Christian M. DeJohn, 36, is a published writer with an extensive portfolio including work for The Washington Times and has been honored for distinguished service in the Pennsylvania Army National Guard. He has served in the U.S., Germany, Bosnia-Herzegovina and Egypt. He has also got the credentials to become a military historian, well, not quite.
DeJohn can’t become a military historian until he has his master’s degree in hand. Last May, DeJohn was supposed to receive that degree, but Temple University, where he studied military and American history, has delayed his graduation again. Most recently he has been told to rewrite most of his master’s thesis from scratch.
Unfortunately, DeJohn thinks his graduation difficulties have to do with his willingness to confront professors within the History Department for classroom rants, email invitations to anti-war rallies and to point out obvious imbalances in class material.
“I think it has everything to do with my willingness to speak out,” DeJohn said.
After earning a bachelor’s in political science from American University, in Washington D.C., DeJohn went on to Temple University in Philadelphia in January 2002. Just a few short months later, DeJohn, who is a sergeant in the Pennsylvania Army National Guard was called to active duty, interrupting his studies.
DeJohn sent a letter to Temple applying for emergency leave of absence which was granted.
By law, granting a leave of absence is required of colleges and universities under Pennsylvania Consolidated Statutes in Title 51, Part V, Chapter 73. It says that when Pennsylvania Army National Guard members are ordered to active duty “the educational institution in which the member is enrolled shall grant the member a military leave of absence from their education. Persons on military leave of absence from their educational institution shall be entitled, upon release of military duty, to be restored to the educational status they had attained prior to their being ordered to military duty without loss of academic credits earned, scholarships or grants awarded or tuition and other fees paid prior to the commencement of the military duty.”
While serving in Bosnia, DeJohn said he received emails from the History Department, inviting him to anti-war events, “sit-ins” and demonstrations.
“I responded to these e-mails by asking if the Department was aware that even as antiwar demonstrations were being held, several Temple graduate students on active duty were risking their lives overseas. I also described some of the difficult conditions under which my fellow soldiers and I were serving in Bosnia, and some of the risks we faced, and I stated that I did not feel it was appropriate for the University to send such messages to Temple students serving overseas,” DeJohn said.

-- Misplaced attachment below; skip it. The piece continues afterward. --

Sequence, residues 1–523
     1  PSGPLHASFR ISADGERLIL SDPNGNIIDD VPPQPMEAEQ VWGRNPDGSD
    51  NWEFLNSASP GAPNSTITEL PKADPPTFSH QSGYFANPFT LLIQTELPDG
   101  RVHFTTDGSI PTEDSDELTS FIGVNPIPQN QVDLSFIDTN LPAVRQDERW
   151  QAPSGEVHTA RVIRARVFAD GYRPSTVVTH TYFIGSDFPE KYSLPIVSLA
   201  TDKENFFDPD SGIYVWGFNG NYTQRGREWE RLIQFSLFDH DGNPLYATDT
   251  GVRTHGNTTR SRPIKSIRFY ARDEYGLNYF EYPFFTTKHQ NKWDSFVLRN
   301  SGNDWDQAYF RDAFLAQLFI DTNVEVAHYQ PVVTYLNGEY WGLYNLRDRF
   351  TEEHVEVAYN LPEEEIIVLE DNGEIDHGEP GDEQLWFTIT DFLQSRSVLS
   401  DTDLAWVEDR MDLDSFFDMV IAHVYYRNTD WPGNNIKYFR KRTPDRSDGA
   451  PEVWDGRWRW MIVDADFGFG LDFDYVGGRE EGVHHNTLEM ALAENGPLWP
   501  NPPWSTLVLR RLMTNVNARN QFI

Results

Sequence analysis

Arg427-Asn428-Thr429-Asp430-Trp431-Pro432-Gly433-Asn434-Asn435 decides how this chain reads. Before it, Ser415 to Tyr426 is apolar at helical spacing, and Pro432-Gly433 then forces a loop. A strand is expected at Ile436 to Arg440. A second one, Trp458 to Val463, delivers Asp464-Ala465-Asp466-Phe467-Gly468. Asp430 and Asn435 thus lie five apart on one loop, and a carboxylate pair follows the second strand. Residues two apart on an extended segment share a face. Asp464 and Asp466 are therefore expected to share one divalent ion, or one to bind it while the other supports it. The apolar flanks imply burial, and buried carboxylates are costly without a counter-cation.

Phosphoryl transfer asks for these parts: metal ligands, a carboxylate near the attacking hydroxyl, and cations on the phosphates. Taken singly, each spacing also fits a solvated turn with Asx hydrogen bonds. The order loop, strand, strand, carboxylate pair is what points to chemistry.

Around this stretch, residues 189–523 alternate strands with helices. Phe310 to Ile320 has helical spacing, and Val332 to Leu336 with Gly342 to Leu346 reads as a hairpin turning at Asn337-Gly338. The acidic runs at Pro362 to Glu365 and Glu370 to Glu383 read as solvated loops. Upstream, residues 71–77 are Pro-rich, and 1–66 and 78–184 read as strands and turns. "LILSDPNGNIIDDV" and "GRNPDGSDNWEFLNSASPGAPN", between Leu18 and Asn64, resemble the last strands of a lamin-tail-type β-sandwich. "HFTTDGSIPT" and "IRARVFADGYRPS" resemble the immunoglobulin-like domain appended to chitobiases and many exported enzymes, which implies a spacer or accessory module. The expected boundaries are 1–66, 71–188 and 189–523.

Much to DeJohn’s surprise, when he returned from overseas the following year, he had received a form letter from the graduate records department notifying him that he was no longer a student “in good standing and are dismissed from the University” because he did not “hold an approved, paid Leave of Absence.”
After fighting the school, DeJohn was readmitted, resumed classes and continued working on his master’s thesis, which is about a little-known scandal concerning American tanks during World War II.
“As of this time, I have completed all the required courses and credits (26) towards a Masters’ Degree in Military and American History, but am encountering major difficulty in getting my work evaluated and approved, and my graduation has been delayed three times. Though I have enrolled for four semesters of ‘Thesis Research and writing,’ I have received little guidance from the leadership of the History Department, despite numerous requests for help by mail, e-mail, and phone. I do not even have an advisor officially assigned to help me complete my degree,” DeJohn said in testimony on January 9 before the Pennsylvania State House Select Committee on Academic Freedom.
DeJohn has heard from other students who have earned Master’s degrees that thesis evaluation usually takes one-to-three months, but Temple’s History Department has had his thesis for more than 10 months.
“Last March (2005), my primary reader told me that he was ready to sign off on my MA thesis. I did extensive research using original, first-hand historical letters, diaries, memoirs, and official classified documents,” DeJohn said.
But then his secondary reader disagreed. He “trashed my work.” “Oddly enough, this professor is the same one with whom I politely disagreed when he injected anti-military diatribes into his class, and who had assigned me extra work for a completed class, which he had approved and for which I had received an “A-,” explained DeJohn.